Today—and everyday—I celebrate:

 

  • Women who are told to stay quiet by men and other women; speak—as loud or often as you want—I hear you, your voice and your thoughts matter, your experiences are valid, I care, and I am listening.
  • Women who are in classrooms, tired of reading and learning about the success, thoughts, and experiences of white, Christian, able-bodied, cisgender, women; our brown and black and yellow and Jewish and Muslim and disabled and sick and LGBT+ sisters exist—just as you do!—and have made valuable contributions to society and the world.
  • Those who know the dangers of a man who has tasted the fear of women and has the understanding that society will always protect him from any consequences; I am here with you—I always look for exits, stay in a crowd, walk with my key in between my knuckles, carry two pepper sprays, and always have my phone on me too—I am here with you, we are walking together.
  • Those women who try to be everything to someone; you are enough, you are enough, you are enough.
  • The mothers who work two jobs, the mothers who are fighting to get their children back, the mothers who are tired, the mothers who just put their child in a group home, the mothers who just berried their child, the mothers who pay child support, the mothers who have teenagers, the disabled mothers, the single mothers, the divorced or married mothers, the mothers who became mothers from a drunk one night stand, the mothers who couldn’t afford an abortion, the mothers who adopted, the mothers who pay alimony, the mothers who put their dreams on hold, the mothers who regret being mothers, the mothers who live with their abusers, the mothers who are mothers because of rape, the teenage mothers, the mothers who had an abortion; I love you, I love you, I love you.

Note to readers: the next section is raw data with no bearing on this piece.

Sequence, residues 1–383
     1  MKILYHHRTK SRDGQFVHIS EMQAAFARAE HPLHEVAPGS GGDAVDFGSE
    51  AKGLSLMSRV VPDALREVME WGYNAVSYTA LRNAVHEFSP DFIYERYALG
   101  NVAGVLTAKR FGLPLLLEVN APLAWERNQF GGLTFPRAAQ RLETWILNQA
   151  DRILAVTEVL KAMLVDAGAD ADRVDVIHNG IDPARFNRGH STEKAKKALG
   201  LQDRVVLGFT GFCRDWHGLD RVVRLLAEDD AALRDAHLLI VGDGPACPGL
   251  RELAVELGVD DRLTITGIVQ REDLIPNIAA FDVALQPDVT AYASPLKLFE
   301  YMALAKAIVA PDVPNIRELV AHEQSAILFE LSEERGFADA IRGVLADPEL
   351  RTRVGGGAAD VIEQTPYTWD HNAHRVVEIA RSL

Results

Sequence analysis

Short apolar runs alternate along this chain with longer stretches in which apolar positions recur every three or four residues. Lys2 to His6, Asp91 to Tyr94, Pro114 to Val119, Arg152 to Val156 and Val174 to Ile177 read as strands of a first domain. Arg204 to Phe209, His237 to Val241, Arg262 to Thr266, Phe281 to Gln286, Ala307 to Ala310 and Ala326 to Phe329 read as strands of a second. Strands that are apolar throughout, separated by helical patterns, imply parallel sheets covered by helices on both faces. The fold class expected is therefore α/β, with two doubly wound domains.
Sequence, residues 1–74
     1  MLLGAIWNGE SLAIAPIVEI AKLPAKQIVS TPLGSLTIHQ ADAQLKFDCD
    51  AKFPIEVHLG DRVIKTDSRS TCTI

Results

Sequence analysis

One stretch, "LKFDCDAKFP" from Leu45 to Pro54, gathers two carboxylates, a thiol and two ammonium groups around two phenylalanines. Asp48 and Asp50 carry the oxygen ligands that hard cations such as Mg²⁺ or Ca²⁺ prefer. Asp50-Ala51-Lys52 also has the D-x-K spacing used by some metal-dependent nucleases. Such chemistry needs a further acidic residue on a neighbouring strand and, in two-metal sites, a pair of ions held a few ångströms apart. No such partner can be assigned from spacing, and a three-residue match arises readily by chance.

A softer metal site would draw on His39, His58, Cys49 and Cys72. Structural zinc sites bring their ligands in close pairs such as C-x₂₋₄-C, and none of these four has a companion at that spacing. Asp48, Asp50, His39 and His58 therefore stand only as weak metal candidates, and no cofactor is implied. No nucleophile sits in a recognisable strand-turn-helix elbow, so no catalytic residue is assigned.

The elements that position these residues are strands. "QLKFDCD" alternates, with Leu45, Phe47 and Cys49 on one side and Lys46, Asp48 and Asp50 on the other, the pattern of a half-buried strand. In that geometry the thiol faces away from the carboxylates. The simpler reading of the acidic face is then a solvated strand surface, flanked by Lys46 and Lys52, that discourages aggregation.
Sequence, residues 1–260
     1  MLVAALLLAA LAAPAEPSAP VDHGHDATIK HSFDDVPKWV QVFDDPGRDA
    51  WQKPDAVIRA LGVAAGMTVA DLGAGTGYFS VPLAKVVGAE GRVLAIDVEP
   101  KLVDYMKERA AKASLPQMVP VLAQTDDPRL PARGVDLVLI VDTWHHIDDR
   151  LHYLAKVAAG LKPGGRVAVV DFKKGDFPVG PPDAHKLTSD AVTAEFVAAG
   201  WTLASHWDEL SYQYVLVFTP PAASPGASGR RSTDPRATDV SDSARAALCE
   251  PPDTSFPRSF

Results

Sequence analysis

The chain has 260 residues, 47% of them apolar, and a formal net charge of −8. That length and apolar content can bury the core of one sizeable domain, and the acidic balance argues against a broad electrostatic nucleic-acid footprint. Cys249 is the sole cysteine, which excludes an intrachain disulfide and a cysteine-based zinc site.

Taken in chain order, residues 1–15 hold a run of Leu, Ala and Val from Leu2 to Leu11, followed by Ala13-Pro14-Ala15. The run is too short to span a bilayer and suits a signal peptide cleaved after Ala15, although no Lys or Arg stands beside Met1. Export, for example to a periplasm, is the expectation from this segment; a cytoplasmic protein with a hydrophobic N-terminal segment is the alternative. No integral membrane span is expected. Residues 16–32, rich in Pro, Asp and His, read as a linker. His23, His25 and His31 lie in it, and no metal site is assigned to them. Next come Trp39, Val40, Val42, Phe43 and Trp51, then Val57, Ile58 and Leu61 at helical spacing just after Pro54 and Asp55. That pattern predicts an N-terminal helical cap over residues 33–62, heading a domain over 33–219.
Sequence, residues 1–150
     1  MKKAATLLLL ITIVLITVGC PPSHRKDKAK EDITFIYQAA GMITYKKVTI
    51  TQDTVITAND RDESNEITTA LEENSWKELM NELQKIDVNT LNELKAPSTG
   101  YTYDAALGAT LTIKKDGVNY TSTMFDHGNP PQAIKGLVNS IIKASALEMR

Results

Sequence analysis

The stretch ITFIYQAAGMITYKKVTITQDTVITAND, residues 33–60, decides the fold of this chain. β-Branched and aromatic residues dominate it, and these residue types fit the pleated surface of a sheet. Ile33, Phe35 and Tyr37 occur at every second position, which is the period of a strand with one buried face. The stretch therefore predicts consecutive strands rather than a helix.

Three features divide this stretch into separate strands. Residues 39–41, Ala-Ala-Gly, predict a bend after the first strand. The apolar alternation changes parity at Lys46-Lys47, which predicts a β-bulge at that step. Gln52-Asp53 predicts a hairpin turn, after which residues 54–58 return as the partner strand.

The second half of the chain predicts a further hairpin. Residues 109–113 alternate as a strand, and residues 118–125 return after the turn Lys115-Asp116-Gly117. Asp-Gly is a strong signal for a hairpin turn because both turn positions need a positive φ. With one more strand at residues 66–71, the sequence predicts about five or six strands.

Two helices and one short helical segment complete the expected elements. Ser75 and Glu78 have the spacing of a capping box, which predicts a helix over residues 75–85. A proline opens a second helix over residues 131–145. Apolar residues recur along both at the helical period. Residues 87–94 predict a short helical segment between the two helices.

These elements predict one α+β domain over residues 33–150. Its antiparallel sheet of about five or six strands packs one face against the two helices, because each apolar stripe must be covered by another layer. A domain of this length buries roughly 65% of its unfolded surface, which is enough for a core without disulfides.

• The women who love sex and are vilified for it; own your sexuality, there is nothing to be ashamed of.
  • The sex workers.
  • The strippers.
  • The child brides; I’m sorry we keep failing you.
  • Women who don’t want to get married.
  • Women who don’t want to have kids.
  • Women who put their trust in the wrong man, who were traumatized by it, and still get up every day.
  • Women who don’t have mothers.
  • Women who are taking care of their siblings.
  • Women who just bought a house.
  • Women who just lost everything.
  • Women with college degrees who work at a minimum paying job.
  • Women who came to the United States for a better life.
  • Women in STEM
  • Disabled women who fight for a seat at the table, who fight for equal access to healthcare, education, housing, immigration, and justice
  • Biracial women who don’t exactly fit in anywhere.
  • Women who had no one there with her during the sexual assault forensic exam (rape kit)
  • Women who didn’t know—or still don’t understand why—her consent is needed or why it matters.
  • Women who have to remind themselves to breathe.
  • Women who reported their rape, women who didn’t, women who are still deciding.
  • Women who take off their hijab because they want too, women who take off their hijab because society judges them otherwise, women who take off their hijab in defiance of their husbands; women who wear their hijab in pride and out of choice.
  • Women who hate their skin color. Women who are learning to love the color of their skin
  • Women who hate the size of their breasts and ass and hips and thighs.
  • Women who wear makeup, color and straighten their hair; women who refuse to shave, women who cut off all their hair.
  • Women who are devout. Women who have found their faith. Women who are still looking. Women who are atheists
  • Women who are jealous and envious of other women.
  • Women who are poor, women who are homeless
  • Women who remind other women that they are loved, they exist, they matter, their experiences and thoughts are valid; thank you for your words
  • Women who are learning to love themselves.
  • Women who are learning the pleasures of food and feeling full.
  • Women who are gaining weight.
  • Women who masturbate.
  • Women who kissed a girl–and liked it.
  • Women who hate kissing.
  • Women who fell in love for the first time
  • Women who finally said no–and didn’t feel guilty
  • Women who stopped appologising
  • Women who are more than their disability, more than their skin color, more than their sexual orientation, more than their religion
    • Women